I managed breakfast on crutches with the help of a couple of fellow business travelers and then headed to Missouri Organic Recycling. I was trepidatious as I pulled into the unpaved lot and parked by the construction trailers that serve as the office. The gravel parking lot had puddles here and there that I navigated around as I made my way to the metal stairs. The treads were slick, and the crutches slid around on the bottom stair. I opted to just crawl up them and try the crutches again once I got to the top. It was squirrelly at best, but a gentleman exiting the door reached out and grabbed under my arm and helped me through the door to the dry carpeted floor.
Kevin emerged from his office and instructed me where to meet him. Getting down the stairs was much easier than getting up! I followed Kevin through the complex to a large pile of freshly blended media where about eight guys were standing waiting for us. I backed up the truck and crutched my way to the rear to open the tailgate for them. I indicated with a Sharpie-drawn line on two Home Depot buckets where to fill each bucket, then instructed them to pour two buckets in each of the 30 empty Green Paks.
I got in the back of the truck and let them hand me the filled Green Paks one at a time – I got the Paks stacked in the truck and was back on the road home within 20 minutes. I tuned in the radio and smiled as I heard the forecasted warming trend. I thought to myself, I may just pull this off.
The Plan Is Coming Together
I got home Monday evening and hurried to check my email. The sedum tiles had been harvested and loaded on a FedEx truck headed west.
Luck continued to be on my side. The weather warmed to around 60 degrees F on Tuesday. My dear friends Lennon and Traci Irvine have a son, Ryan, who is an avid long-distance runner. He was visiting for the holidays, and I asked if instead of his usual morning run, would he be interested in carrying the 30 Green Paks from my truck to the rooftop for me?
The client’s house, under an extensive remodel, would have a new rooftop deck with a small green roof adjacent to the master bedroom. Ryan carried the 70-pound Green Paks up the stairway and out to the roof and, wearing my knee pads and working from my knees, I arranged each Green Pak in place and prepared the roof to receive the in-transit sedum tiles.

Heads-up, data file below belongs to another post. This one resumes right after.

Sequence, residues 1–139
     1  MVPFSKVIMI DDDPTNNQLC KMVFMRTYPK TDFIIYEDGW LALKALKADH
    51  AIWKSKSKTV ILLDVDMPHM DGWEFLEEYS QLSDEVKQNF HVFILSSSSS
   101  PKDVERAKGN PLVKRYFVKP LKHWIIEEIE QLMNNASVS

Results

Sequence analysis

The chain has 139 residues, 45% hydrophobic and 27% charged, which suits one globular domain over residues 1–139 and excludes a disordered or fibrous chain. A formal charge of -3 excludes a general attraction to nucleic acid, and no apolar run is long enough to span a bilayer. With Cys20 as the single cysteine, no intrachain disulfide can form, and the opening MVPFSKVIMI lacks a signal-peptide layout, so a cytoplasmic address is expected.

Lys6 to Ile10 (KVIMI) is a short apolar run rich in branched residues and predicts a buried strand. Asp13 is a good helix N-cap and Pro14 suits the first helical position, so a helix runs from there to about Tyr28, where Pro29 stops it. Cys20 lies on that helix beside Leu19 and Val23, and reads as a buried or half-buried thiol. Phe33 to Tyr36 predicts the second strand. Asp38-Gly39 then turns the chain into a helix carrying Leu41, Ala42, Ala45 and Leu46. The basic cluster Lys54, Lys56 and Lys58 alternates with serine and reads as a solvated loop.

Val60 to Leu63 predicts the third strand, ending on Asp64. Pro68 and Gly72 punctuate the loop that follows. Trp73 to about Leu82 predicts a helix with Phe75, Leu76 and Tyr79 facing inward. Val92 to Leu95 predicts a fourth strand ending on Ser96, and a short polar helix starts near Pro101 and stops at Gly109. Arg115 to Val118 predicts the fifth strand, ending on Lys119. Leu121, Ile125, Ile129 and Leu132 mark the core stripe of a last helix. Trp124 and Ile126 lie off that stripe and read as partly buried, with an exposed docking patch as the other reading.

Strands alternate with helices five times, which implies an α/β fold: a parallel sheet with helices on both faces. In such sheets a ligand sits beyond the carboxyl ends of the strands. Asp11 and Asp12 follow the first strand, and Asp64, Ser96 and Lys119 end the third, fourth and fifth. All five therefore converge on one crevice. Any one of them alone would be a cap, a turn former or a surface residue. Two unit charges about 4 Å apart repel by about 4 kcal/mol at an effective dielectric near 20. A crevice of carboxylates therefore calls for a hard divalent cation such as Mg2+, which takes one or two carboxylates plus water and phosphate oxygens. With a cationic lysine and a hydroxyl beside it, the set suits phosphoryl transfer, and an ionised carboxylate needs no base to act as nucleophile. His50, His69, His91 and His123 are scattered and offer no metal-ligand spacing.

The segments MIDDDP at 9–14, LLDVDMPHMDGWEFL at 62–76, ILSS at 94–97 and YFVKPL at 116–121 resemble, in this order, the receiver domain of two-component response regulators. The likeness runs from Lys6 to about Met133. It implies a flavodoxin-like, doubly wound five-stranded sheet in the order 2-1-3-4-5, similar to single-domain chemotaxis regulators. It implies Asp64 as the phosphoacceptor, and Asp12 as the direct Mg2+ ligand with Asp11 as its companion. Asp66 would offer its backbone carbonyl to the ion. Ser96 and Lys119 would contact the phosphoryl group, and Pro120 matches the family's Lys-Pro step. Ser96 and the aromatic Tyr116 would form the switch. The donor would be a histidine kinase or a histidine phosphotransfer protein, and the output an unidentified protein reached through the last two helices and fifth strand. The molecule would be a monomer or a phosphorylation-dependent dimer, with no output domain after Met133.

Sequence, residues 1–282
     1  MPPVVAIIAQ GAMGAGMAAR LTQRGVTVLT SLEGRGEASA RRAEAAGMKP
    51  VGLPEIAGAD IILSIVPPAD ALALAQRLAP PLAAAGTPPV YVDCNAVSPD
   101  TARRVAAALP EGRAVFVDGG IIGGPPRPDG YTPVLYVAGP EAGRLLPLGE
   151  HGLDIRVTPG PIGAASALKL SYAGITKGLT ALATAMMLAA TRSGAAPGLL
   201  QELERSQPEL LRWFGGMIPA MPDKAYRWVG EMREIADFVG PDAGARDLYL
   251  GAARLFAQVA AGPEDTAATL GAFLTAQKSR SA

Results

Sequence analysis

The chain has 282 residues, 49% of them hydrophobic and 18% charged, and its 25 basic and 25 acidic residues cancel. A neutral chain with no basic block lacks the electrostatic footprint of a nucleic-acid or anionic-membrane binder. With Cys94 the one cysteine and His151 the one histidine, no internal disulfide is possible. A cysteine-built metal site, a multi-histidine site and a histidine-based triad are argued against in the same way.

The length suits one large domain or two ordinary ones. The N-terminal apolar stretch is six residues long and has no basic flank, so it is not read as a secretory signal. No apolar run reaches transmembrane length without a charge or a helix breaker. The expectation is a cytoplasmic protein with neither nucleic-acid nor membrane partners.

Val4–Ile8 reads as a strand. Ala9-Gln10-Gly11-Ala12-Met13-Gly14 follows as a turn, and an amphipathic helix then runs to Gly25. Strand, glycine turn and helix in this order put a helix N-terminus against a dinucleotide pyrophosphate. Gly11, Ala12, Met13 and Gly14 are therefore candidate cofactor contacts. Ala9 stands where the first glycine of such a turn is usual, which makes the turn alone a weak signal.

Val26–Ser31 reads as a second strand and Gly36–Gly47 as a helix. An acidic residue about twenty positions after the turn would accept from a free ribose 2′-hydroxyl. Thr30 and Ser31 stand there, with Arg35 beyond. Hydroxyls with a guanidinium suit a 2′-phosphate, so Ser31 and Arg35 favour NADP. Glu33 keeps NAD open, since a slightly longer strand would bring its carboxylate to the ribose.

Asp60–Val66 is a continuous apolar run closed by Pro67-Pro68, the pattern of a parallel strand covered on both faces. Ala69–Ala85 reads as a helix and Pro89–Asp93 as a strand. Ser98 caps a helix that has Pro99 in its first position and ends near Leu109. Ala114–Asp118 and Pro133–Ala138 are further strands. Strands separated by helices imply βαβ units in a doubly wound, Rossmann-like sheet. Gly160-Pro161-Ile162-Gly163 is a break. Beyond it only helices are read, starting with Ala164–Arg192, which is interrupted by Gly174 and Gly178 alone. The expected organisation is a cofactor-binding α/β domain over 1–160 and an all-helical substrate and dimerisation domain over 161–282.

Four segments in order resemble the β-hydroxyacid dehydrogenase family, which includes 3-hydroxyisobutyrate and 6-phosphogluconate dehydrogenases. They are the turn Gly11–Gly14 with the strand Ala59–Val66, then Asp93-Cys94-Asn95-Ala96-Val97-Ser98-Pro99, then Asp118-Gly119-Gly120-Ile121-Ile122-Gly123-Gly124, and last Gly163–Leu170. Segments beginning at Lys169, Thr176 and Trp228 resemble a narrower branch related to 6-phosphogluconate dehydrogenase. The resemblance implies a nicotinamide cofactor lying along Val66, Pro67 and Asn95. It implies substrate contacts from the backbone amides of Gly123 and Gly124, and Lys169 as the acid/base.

I was in contact with the dispatcher at the FedEx terminal in St. Charles who stated the truck was supposed to be in on Wednesday, but didn’t show. FedEx wasn’t making deliveries on Christmas Eve or Christmas Day, or the weekend for that matter. The temperatures were going to plummet once again and the dispatcher could not guarantee the pallet would get offloaded before they did.
I couldn’t chance having the pallet sit in a freezing truck for the four-day weekend, so I was told I could meet the truck there and pick up the pallet near midnight. “Near midnight” turned into 2:00 am, which turned into 6:00 am, which turned into 9:00 am. At 10:00 am on Christmas Eve they loaded the pallet into the back of my pick-up truck. Trish and I recently downsized from our 5,000 square foot lakefront home into a much smaller and quaint condo. The downsize didn’t come with a garage and the freezing weather was eminent.
I made a beeline to the Irvine’s home, where Lennon was clearing space in his garage for my truck. He put a space heater in the bed of my truck, and we all enjoyed Christmas without fear of the sedums’ freezing.
A Green Roof in Time for Christmas
The gods once again smiled on me and the weather warmed to the mid-fifties on Saturday. My son, Jesse, and Lennon agreed to help me get the sedum tiles to the roof. They carried a couple armfuls up before deciding to use a ladder pulley and rope to pull the rest up. Once lifted to the rooftop, I positioned the tiles over the Green Paks. Within an hour, the green roof was complete.
I will stop short of saying against ALL odds, but they were definitely stacked against us. With the help of strangers, new friends, old friends, family, and a little Christmas magic, we created our final green roof of the year.
A Last Minute Living Wall Challenge
The success quickly went to my head and my mind turned towards a little project I’d lined up just prior to breaking my foot. The project was a really cool variation of the VerTexx living walls I had been building for Vertech. I’d already had the trim metal made, purchased the Vertexx components, and had the plants grown at Jost Greenhouses here in the St. Louis area.
I remember one of the first texts I sent from the hospital was letting the living wall clients, Buddy and Becky Maupin, know that I would be out of commission for a bit. They told me they were in no hurry and to just worry about my healing. When I reached out to them to let them know I was planning on moving forward, they were a little skeptical; might have been the crutches I was on when they met me at the front door.
Buddy said, “I thought you said you were walking.” To which I replied, “So very close.”